After Watching “Challengers”, I Tried Tennis for the First Time

PS Photography / Lauren Gordon

I’ve seen the trailers, indulged in the premiere looks and engaged in all of the tennis conversation around Luca Guadagnino’s new much-hyped film, “Challengers”. So I decided, it was finally time to put my skills (and fitness) to the test and try the sport out for myself, because if Zendaya can do it, so can I. Right?

Tennis is already a huge sport in the UK, and sees a bounce every summer after Wimbledon. The LTA (Lawn Tennis Association) last year announced that 2022 had seen a huge surge in the game, with the number of adults reporting they’d played tennis up by 43 percent and in 16 to 34-year-olds, that rate was 48 percent – more than any other age category. Will “Challengers” see that figure leap again this summer? The film certainly pushed me to the court.

I started out with the outfit, because looking the part is just as important as playing it. I matched Tashi Duncan’s white pleated performance skort, copped from the official Wimbledon store (to show I mean business, obviously). I was in full tennis gear, with my white t-shirt and skort, quite literally down the Wimbledon socks – Sporty Spice eat your heart out. I topped off my hairstyle with a white scrunchie, like Zendaya’s hair bow at the “Challengers” UK Premiere.

I headed to Virgin Active in Fulham, who are currently welcoming new and existing members following a significant investment across the club’s facilities, from a brand new Reformer Pilates class to a top of the range gym floor. Here, I met with tennis head coach David Harris, for a one-to-one session, covering the basics of the sport and gaining some tips and tricks for every beginner to be armed with, if they’re planning to do a Tashi Duncan transformation this summer.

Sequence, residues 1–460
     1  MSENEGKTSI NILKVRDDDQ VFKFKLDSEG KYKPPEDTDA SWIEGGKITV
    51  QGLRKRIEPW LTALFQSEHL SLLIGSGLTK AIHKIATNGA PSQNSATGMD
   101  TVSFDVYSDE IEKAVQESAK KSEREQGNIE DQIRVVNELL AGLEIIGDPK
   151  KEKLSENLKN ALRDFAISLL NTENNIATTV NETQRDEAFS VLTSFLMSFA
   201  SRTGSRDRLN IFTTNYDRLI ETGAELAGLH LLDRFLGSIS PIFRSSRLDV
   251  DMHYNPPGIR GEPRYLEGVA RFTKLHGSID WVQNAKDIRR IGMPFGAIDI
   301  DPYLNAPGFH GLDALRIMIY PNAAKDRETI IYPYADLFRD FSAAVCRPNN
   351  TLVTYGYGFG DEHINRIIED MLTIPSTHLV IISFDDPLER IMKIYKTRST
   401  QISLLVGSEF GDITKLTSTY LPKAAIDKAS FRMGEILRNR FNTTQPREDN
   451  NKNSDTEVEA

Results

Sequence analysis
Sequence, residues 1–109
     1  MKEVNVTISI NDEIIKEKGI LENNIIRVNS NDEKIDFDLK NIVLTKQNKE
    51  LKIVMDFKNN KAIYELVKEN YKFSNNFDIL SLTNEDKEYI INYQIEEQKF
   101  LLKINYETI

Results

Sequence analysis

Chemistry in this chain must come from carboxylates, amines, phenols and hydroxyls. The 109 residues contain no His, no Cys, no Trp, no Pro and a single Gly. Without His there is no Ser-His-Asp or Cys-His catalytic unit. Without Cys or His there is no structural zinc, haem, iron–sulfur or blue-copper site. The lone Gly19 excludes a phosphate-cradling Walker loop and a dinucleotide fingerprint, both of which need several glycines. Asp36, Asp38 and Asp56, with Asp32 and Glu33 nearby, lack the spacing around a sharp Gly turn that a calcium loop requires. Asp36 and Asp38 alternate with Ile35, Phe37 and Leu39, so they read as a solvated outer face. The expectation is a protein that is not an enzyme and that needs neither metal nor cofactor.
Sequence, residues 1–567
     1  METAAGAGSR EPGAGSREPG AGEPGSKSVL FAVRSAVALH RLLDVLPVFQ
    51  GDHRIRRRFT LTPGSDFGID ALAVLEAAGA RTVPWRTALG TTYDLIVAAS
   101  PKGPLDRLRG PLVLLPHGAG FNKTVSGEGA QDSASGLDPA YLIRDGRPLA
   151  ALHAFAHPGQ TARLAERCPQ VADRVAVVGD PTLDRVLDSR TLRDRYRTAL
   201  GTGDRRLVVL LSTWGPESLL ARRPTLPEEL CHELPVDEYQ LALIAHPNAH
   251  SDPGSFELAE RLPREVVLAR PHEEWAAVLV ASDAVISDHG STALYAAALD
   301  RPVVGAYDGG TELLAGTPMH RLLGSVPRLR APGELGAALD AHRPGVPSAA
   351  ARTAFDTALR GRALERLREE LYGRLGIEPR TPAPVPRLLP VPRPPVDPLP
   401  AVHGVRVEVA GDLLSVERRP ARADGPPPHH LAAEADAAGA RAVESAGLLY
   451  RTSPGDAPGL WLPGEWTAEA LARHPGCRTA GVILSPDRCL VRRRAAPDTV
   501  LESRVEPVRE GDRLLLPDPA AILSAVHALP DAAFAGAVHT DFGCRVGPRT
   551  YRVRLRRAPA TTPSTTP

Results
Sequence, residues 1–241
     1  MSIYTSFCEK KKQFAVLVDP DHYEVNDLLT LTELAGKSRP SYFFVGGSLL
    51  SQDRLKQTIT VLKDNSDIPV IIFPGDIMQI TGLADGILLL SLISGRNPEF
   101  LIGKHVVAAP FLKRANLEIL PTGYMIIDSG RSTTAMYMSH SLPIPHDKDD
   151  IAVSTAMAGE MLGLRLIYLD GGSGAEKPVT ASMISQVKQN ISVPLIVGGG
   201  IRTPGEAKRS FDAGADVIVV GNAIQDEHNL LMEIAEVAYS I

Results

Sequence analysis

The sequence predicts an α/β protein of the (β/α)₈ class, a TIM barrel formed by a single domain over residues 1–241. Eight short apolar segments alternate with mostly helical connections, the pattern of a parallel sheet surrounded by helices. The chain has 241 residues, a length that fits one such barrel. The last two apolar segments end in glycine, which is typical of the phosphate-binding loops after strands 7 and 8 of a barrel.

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Although Tashi, Art and Patrick are my main driving forces for getting involved with tennis, the benefits are just as attractive as this threesome. “Tennis is one of those sports that can be very physically demanding, but also really good for your overall health. It’s nothing like your typical gym workout. It’s very intense, but also very tactical. It’s almost like a chess game, you want to outwit your opponent, and you want to have fun with it, all while getting fit at the same time. So I’d say it’s a very good sport for anyone, at any level, to pick up,” Harris tells PS UK.

So, here’s everything I learned and why I’m already looking forward to continuing my successful tennis career, I mean hobby. For context, my only previous experience with a tennis racket was using it as a pretend guitar, but I daren’t tell David that.

The Serve

Weirdly enough, getting a game of tennis started is the part I struggled with the most. David taught me how to serve, but throwing the ball up in the ideal spot for a banging starter swing proved to be more difficult than I thought as my hand-eye coordination failed me multiple times. But with my eye on the target and many practice tries, I finally nailed the serve.